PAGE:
The passwords your use shouldn’t be easy for hackers to crack. But this question may come in your mind that if you make a complex password, how are you supposed to remember it? In this article we are going to introduce you some of the best password tools for creating strong passphrases. These apps will upgrade your security with new strong passwords that you can update across accounts quickly.
The standard advice when it comes to password security is to use a good password manager. And yes, this is convenient and useful for most everyday cases. But password managers aren’t enough to keep you safe, and certain accounts (like your online banking or email) deserve more security.
That’s where these apps help. Using different methods, you can create a strong password that you can remember later, test just how secure it is against your current password, and finally update major apps and services with your new passphrase.
5 Best Password Tools
1. Strong Password Generator – Create Strong but Memorable Passwords
If you don’t know how to make a strong and secure password, let the internet do it for you. Strong Password Generator (SPG) will create a unique and hard-to-break password for you, depending on your requirements. More importantly, it will help you remember the password.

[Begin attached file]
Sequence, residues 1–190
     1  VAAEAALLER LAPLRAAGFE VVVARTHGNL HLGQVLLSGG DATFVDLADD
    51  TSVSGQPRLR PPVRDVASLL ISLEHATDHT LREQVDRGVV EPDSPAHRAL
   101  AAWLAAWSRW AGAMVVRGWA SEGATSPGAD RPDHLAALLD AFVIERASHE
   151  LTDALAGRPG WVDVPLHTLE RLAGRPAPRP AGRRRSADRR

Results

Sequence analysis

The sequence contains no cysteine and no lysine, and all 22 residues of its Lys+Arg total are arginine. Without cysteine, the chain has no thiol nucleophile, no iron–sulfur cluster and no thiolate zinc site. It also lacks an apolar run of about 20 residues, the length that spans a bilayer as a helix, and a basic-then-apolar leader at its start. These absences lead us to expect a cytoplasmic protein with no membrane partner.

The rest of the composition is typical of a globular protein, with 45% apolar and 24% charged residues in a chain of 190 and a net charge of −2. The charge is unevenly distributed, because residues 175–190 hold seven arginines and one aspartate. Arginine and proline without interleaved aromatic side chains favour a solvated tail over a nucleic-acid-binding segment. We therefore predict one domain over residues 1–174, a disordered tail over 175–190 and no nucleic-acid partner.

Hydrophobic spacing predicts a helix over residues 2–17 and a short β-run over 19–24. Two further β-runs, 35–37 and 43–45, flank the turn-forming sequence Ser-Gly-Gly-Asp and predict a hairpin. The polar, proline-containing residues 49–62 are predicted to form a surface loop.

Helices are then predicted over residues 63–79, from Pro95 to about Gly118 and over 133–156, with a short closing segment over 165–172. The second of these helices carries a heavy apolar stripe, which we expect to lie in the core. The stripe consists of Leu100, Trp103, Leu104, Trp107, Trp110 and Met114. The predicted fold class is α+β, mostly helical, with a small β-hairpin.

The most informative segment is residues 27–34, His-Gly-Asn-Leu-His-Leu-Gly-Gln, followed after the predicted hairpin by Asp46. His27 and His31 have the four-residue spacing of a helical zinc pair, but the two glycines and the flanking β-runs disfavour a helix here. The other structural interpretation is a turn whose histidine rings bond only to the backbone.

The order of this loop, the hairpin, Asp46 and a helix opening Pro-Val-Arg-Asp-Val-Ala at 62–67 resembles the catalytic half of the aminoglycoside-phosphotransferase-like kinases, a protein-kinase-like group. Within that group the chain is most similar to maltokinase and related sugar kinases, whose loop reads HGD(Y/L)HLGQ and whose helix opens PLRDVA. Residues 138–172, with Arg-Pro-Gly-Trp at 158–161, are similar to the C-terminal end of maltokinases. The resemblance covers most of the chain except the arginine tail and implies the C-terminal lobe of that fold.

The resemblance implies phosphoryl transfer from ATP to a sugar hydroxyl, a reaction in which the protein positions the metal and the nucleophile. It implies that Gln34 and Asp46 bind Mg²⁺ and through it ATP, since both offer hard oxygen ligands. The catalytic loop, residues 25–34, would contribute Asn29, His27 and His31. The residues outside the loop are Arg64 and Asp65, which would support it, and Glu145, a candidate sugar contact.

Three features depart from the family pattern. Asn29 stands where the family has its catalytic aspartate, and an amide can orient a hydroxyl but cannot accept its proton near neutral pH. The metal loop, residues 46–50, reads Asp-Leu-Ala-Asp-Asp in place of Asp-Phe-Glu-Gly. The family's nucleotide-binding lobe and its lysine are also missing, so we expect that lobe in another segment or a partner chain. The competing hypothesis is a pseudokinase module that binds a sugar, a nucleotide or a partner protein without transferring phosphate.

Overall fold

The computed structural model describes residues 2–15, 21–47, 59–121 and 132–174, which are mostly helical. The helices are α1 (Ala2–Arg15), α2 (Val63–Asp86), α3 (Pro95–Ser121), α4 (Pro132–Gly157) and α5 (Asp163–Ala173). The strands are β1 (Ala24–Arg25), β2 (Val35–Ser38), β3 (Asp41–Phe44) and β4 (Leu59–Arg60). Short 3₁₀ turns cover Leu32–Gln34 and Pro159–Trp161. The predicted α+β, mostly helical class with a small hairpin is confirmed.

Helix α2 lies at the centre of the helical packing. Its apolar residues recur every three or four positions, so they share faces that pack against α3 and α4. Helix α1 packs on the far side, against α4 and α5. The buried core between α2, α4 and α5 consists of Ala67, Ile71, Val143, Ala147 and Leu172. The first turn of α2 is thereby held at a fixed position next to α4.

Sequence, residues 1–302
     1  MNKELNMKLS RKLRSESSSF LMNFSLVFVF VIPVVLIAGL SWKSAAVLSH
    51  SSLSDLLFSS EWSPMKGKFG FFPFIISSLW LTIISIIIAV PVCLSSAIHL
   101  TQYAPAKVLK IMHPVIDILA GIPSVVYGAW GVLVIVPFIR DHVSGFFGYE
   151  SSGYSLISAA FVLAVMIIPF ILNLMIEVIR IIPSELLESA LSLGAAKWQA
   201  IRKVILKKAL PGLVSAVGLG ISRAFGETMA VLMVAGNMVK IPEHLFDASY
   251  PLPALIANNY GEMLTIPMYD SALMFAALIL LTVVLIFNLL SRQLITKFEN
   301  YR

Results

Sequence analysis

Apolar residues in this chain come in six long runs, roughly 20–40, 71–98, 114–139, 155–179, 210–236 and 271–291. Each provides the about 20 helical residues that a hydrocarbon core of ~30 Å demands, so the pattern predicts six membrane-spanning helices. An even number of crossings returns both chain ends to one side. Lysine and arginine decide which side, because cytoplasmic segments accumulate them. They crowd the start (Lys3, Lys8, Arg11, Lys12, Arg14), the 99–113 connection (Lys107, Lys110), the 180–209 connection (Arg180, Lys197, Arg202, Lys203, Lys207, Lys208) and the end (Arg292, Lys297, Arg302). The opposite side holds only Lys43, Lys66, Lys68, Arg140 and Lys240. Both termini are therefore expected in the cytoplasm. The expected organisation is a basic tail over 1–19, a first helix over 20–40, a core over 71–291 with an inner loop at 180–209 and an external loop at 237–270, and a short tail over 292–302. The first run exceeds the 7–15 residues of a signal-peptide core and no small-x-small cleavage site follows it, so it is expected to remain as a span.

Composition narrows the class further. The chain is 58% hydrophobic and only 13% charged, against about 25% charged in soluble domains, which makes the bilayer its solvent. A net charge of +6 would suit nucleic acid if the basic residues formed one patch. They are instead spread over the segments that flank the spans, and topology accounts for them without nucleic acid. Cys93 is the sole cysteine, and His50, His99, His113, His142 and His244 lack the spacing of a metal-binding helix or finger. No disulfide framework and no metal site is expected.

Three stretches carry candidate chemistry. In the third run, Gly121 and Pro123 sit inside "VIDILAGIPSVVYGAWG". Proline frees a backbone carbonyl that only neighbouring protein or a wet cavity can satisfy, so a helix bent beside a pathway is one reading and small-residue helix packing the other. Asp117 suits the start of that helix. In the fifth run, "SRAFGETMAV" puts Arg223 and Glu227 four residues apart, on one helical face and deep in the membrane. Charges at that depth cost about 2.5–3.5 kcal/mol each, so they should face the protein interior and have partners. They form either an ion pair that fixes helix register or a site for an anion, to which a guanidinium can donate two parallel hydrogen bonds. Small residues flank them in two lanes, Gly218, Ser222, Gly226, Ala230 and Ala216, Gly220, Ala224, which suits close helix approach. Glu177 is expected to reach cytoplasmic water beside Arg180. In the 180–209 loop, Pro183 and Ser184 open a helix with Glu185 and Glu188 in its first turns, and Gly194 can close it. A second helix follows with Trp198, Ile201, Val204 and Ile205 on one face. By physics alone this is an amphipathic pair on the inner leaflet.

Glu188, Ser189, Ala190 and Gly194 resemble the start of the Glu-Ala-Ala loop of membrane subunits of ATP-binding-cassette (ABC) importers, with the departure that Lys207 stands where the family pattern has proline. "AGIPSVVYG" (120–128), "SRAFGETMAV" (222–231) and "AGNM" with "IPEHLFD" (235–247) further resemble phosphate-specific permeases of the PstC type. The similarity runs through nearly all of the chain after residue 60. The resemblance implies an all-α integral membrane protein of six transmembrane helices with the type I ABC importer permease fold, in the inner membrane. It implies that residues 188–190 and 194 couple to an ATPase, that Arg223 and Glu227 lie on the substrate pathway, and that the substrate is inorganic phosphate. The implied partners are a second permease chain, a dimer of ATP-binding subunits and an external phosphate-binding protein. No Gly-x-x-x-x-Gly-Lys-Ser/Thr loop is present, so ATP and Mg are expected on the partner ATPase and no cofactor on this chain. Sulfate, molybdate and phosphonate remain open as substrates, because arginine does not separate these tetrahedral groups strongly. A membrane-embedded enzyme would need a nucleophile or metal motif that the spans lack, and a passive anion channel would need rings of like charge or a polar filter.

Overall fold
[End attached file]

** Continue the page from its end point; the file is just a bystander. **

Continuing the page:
This web app has been around for a while now, and earned plaudits and recognition from several security experts. It goes with five basic parameters that make a strong password: at least 15 characters, and a mixture of uppercase and lowercase letters, numbers, and symbols. Use the advanced settings for the generator to change aspects, like employing only simple punctuation and avoiding programming punctuation.
SPG advises three different ways to remember the password, as advised by security experts. The generator also has a phonetic word generator, which gives you a phrase with English words to try and memorize the password. Try it out, it’s one of the features that makes SPG one of the best online generators for strong random passwords.
2. One of the Other Password Tools is “Correct Horse Battery Staple” _ XKCD-based Password Generator
You’ve probably seen this one before. In six panels of a comic strip, XKCD showed how a randomly generated long password is better than a string of gibberish because it’s harder for machines to beat while being memorable for the maker. This web app puts that formula into action.
Correct Horse Battery Staple is named after the random phrase used in the original comic. The password generator lets you choose:
- The minimum number of words in the passphrase (2-10)
- The minimum character length of the full password (10-40)
- Punctuations to use as separators between words (optional)
- Making the first letter of each word uppercase (optional)
- Appending a random number to the end of the list (optional)
Based on the chosen settings, you will get a randomly generated strong password. The trick then is to create a fun scene in your head that lets you remember these four random words as part of one password. Or you could simply write it down in a very safe place that no one else has access to.
3. Diceware Passphrase – Create a Super Secure, Complex Passphrase